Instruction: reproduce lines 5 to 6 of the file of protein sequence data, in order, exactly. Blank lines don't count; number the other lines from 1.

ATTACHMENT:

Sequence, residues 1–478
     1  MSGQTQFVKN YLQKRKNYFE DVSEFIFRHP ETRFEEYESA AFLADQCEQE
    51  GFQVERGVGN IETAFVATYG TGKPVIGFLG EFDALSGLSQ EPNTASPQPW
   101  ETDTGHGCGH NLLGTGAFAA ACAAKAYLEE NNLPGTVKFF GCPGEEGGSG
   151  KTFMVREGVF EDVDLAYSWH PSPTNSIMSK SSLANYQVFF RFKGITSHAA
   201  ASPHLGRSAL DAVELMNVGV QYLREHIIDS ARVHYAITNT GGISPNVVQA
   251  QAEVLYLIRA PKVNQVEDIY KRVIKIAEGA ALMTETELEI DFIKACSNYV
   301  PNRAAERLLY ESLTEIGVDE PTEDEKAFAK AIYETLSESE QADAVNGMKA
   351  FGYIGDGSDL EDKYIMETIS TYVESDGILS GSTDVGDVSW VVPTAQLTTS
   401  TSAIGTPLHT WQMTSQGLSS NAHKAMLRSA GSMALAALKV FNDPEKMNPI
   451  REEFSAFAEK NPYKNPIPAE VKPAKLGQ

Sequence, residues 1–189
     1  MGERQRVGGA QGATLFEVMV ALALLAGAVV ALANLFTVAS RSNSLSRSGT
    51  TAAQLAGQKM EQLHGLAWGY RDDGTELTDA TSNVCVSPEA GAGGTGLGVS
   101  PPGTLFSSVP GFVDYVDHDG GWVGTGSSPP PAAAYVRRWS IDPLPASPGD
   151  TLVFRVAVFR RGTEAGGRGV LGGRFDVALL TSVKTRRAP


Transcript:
   151  KTFMVREGVF EDVDLAYSWH PSPTNSIMSK SSLANYQVFF RFKGITSHAA
   201  ASPHLGRSAL DAVELMNVGV QYLREHIIDS ARVHYAITNT GGISPNVVQA